The Committee on Judicial Ethics responds to written inquiries from New York state’s approximately 3,600 judges and justices, as well as hundreds of judicial hearing officers, support magistrates, court attorney-referees, and judicial candidates (both judges and non-judges seeking election to judicial office). The committee interprets the Rules Governing Judicial Conduct (22 NYCRR Part 100) and, to the extent applicable, the Code of Judicial Conduct. The committee consists of 27 current and retired judges, and is co-chaired by former associate justice George D. Marlow of the Appellate Division and Margaret Walsh, a Family Court judge and acting justice of the supreme court.
Digest: A judge may appoint a qualified attorney who is also a co-judge’s first-degree relative to handle cases before other judges of the court as a special prosecutor, where the appointment is not governed by Part 36. 22 NYCRR 8.1; 36.1(a); 36.2(c)(1); 100.2; 100.2(A); 100.3(C)(3); 100.3(E)(1); 100.3(E)(1)(e); Opinions 15-87; 14-81; 12-154.
Opinion: A judge with “the duty of appointing special prosecutors” in a particular county asks whether he/she may appoint the attorney child of one of his/her co-judges as a special prosecutor to handle matters before other judges of that court.1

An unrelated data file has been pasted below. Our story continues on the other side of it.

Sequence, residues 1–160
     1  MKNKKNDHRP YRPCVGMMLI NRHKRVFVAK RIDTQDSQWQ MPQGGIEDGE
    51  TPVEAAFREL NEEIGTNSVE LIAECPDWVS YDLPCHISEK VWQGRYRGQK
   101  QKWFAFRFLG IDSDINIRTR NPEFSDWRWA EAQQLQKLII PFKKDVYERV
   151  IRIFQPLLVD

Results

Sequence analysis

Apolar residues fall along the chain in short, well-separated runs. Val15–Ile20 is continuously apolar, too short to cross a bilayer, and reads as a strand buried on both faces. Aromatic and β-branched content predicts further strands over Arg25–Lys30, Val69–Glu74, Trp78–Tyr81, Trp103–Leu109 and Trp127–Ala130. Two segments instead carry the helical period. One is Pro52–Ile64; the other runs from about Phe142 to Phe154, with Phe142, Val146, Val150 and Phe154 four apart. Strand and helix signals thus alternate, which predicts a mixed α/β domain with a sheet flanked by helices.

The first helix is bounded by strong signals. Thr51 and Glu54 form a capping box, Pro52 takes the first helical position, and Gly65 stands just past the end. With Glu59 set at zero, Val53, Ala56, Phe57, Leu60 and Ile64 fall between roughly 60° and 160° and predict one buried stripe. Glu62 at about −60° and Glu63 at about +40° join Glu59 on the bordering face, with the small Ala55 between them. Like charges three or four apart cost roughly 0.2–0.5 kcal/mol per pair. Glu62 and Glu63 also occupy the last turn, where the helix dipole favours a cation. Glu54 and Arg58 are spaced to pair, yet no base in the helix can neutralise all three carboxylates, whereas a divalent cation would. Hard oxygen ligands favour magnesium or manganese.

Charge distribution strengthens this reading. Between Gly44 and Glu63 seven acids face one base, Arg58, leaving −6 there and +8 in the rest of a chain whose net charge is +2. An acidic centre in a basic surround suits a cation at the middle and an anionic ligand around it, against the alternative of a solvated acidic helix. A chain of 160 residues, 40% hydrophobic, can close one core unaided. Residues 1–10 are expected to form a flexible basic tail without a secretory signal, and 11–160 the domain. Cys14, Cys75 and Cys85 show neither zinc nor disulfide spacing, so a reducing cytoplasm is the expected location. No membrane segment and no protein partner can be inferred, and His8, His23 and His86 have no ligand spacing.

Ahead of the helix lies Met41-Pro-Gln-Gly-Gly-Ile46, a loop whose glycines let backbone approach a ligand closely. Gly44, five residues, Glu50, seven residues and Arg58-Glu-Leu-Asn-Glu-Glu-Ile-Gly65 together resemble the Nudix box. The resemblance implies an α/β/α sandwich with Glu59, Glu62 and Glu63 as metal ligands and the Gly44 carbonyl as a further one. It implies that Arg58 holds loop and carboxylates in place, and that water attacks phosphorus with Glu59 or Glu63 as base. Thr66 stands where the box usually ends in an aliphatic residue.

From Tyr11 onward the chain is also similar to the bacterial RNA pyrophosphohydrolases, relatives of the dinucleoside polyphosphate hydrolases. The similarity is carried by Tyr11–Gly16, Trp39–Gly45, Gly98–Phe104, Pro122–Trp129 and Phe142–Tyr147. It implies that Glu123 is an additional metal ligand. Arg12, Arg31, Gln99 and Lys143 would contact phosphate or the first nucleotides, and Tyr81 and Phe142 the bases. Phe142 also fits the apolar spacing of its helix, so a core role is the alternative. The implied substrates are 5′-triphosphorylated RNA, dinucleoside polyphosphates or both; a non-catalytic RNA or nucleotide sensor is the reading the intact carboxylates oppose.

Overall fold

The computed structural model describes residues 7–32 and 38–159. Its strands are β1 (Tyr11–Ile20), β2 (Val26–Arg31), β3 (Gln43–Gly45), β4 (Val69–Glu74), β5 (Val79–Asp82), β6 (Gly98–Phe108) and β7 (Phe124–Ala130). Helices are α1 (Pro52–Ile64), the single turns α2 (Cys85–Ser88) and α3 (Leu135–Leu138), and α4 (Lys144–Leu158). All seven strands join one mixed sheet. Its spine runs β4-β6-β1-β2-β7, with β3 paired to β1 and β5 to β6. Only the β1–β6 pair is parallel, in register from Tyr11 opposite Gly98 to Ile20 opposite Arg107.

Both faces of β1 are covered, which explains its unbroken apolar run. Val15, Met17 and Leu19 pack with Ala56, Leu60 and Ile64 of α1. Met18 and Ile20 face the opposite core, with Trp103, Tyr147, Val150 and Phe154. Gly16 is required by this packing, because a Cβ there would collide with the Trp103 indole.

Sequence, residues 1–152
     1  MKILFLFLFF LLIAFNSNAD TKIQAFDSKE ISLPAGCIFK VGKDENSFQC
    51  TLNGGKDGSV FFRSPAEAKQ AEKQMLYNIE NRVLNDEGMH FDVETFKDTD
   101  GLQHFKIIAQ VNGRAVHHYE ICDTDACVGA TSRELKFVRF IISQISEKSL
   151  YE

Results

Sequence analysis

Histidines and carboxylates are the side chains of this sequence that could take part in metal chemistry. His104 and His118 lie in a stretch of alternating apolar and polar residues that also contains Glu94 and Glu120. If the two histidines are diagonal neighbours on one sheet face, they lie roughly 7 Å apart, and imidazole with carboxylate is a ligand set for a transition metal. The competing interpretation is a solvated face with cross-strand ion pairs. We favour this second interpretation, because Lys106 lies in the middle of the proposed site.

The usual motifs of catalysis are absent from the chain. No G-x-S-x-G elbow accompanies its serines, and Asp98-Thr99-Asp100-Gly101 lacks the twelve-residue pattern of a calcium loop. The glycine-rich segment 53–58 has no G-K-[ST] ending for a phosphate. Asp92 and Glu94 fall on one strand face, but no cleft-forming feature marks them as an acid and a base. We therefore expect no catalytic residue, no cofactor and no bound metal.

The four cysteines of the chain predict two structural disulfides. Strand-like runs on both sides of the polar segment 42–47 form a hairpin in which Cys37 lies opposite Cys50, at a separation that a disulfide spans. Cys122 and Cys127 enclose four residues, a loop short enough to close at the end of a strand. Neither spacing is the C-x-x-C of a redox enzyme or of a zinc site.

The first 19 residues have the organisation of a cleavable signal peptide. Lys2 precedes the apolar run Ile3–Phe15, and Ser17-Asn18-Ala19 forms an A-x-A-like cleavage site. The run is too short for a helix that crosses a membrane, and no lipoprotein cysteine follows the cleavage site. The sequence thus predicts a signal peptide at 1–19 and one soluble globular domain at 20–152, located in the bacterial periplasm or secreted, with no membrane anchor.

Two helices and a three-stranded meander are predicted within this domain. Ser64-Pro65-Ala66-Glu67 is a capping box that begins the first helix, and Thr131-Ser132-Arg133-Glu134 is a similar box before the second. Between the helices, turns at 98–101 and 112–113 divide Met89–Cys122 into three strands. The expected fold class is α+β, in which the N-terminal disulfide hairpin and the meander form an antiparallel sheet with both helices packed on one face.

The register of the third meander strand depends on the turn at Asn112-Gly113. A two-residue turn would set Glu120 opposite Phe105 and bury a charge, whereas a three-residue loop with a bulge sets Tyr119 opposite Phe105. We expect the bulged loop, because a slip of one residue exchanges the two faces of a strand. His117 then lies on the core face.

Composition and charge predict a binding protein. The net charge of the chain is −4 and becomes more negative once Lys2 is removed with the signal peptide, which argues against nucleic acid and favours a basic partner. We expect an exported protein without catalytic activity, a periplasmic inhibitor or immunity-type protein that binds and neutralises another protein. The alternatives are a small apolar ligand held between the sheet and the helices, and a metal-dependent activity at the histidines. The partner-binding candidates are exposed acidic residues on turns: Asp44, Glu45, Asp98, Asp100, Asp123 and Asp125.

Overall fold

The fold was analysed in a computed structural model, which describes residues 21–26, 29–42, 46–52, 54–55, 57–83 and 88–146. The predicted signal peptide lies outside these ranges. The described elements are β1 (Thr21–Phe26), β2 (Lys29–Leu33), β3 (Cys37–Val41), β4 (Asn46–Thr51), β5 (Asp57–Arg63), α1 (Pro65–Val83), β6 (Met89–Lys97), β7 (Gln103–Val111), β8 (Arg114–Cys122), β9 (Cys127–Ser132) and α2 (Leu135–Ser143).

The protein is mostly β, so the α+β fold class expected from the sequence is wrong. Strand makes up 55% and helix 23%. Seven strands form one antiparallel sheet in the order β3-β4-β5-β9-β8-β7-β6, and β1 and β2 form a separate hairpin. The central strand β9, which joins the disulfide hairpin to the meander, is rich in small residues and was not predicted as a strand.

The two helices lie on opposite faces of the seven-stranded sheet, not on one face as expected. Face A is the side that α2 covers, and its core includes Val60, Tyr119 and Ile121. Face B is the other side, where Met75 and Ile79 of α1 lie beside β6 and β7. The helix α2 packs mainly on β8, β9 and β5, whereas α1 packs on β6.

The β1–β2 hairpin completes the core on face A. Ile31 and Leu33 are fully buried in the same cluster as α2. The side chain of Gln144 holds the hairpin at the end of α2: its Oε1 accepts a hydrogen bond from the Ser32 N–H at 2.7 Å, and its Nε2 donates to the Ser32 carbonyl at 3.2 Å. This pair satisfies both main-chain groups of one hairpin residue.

A judge must always avoid even the appearance of impropriety (see 22 NYCRR 100.2) and must always act to promote public confidence in the judiciary’s integrity and impartiality (see 22 NYCRR 100.2[A]). For example, a judge must exercise the power of appointment “impartially and on the basis of merit,” and avoid favoritism (22 NYCRR 100.3[C]). Also, a judge must disqualify him/herself in any case where the judge’s impartiality “might reasonably be questioned” (22 NYCRR 100.3[E]).
The committee has advised that a judge need not disclose that an attorney appearing before him/her is a first-degree relative of the judge’s co-judge, nor must the judge disqualify him/herself, as his/her impartiality cannot reasonably be questioned solely on that basis (see Opinions 15-87; 14-81; 12-154).
Since the judge is not disqualified from presiding over cases involving this attorney, the judge may appoint him/her to an appropriate position, where permitted by Section 100.3(C)(3), Part 8, and Part 36. These provisions limit a judge’s ability to appoint a co-judge’s relatives (fourth degree or closer) to certain positions (see 22 NYCRR 8.1; 36.2[c]; 100.3[C]). Part 8 and 36 clearly do not govern the appointment of special prosecutors (see 22 NYCRR 8.1; 36.1[a]). Only one portion of Section 100.3(C)(3) could conceivably apply to the appointment of special prosecutors. However, it does not prohibit appointment of a co-judge’s relative “as an appointee in a judicial proceeding,” but only appointment of the judge’s own relatives by blood or marriage (see 22 NYCRR 100.3[C]).
Therefore, the judge may appoint an otherwise qualified attorney as special prosecutor, even though the attorney is a first-degree relative of his/her co-judge.
1. The judge would not, of course, appoint the attorney as a special prosecutor in a case assigned to the attorney’s parent (see 22 NYCRR 100.3[E][e]).